Tags: Groningen, supermarket, vegan
According to Johan Schmit, owner of Olivier’s cafe in Utrecht, his venue has the world premiere of selling Belgium’s strong Duvel beer on tap. Duvel needs extremely high pressure carbon dioxide on a tap to be served properly, something a normal tap cannot handle. And to be able to do so, the Duvel Moortgat brewery developed a new tap that Olivier has had the honour of trying out.
It could work or it could also not work, which is why no marketing has been done so far. And maybe fans will still want to drink it out of the bottle, who knows.
The beer in the picture is probably ordinary Dutch beer.
Tags: beer, Utrecht
The Royal Dutch Mint has produced silver proof coins featuring Trix the Tyrannosaurus rex skeleton, currently exhibited at the Naturalis museum in Leiden, South Holland. And they’re not just any old dino coins either, there’s one that glows in the dark, something the mint has done for the very first time. The coins are limited editions, with only 750 minted, a set of which costs 59,95.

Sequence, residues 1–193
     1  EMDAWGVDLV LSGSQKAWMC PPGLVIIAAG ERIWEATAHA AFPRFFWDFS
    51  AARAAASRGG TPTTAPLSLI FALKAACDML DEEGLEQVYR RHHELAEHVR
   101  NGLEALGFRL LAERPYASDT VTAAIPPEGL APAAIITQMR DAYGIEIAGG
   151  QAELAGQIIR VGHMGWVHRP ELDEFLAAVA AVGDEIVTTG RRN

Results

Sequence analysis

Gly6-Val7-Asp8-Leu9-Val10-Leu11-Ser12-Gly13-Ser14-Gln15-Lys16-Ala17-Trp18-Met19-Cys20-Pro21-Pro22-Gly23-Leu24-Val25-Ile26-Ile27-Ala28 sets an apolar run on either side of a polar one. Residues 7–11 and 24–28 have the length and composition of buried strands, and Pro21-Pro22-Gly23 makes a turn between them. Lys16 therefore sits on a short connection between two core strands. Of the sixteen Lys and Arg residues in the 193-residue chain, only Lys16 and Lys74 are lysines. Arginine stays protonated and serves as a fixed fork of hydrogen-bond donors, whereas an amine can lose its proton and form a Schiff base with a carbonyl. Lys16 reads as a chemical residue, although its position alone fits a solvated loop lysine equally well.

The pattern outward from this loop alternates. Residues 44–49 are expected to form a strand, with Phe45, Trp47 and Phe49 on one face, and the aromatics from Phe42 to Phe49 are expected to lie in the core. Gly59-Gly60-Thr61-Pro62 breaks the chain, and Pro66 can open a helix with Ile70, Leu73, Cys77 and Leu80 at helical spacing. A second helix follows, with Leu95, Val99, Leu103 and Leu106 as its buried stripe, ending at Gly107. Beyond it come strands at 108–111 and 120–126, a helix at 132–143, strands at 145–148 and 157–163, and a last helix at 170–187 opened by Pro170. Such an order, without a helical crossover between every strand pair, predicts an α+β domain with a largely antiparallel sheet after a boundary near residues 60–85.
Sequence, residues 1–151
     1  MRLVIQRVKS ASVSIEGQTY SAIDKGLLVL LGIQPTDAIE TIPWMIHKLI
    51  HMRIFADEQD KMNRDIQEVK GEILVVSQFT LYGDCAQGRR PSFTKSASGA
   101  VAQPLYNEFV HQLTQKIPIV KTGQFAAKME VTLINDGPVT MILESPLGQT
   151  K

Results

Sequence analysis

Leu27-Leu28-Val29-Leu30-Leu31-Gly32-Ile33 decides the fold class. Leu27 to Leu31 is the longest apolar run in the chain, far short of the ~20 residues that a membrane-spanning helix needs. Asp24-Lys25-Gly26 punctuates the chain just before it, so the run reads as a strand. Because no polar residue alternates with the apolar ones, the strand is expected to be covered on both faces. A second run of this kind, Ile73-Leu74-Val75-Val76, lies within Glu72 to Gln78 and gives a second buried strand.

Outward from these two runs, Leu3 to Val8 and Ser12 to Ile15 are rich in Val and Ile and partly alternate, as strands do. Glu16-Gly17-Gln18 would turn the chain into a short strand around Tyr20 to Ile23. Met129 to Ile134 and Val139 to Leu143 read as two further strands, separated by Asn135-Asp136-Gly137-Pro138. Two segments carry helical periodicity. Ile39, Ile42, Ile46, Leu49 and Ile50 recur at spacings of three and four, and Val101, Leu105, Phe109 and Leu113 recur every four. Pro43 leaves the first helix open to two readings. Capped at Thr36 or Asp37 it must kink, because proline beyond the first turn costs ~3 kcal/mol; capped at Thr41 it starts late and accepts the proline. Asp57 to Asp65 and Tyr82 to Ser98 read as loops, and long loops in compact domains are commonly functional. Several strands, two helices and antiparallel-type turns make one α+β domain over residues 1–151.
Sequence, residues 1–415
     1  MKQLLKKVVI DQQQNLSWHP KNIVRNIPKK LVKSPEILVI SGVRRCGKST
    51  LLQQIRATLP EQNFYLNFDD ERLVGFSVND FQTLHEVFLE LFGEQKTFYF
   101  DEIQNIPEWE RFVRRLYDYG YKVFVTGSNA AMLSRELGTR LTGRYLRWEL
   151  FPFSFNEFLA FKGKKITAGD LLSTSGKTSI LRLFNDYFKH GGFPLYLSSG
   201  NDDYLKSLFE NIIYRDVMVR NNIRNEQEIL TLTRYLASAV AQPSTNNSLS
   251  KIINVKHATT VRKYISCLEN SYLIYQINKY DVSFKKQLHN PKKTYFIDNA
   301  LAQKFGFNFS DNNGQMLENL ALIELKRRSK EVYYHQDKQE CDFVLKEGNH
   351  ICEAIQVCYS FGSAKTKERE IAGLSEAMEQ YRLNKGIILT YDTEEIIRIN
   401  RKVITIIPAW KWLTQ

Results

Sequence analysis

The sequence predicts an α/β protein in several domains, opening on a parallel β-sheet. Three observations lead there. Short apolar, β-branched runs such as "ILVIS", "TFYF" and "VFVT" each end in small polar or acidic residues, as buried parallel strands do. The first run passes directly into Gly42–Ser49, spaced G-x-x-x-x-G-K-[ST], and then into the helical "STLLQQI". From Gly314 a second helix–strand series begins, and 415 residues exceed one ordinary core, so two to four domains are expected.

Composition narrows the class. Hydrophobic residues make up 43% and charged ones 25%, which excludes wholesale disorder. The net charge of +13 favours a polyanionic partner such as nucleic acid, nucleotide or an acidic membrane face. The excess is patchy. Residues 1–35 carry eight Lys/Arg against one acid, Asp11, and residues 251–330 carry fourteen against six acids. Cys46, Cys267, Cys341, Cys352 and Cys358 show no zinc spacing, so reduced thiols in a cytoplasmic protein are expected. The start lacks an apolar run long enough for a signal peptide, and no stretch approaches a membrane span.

How did the Naturalis score a T.rex in first place?
Back in 2012 researchers went hunting for a T.rex in the US, and found one in the state of Montana. The skeleton was carefully cleaned and prepared, and arrived in August 2016 in Leiden, escorted by the police and experts. The Queen of the dinosaurs, Trix is 12 metres long and her bones, muscles, claws and teeth weigh 6,000 kilos. You can visit Trix until 5 June 2017 after which the museum will be closed for renovations until 2018.
This T.rex skeleton is one of the three most complete ones in the world and obviously a great addition to the museum.
(Links: www.knm.nl (also photo), t-rex.naturalis.nl)
Tags: dinosaur, Leiden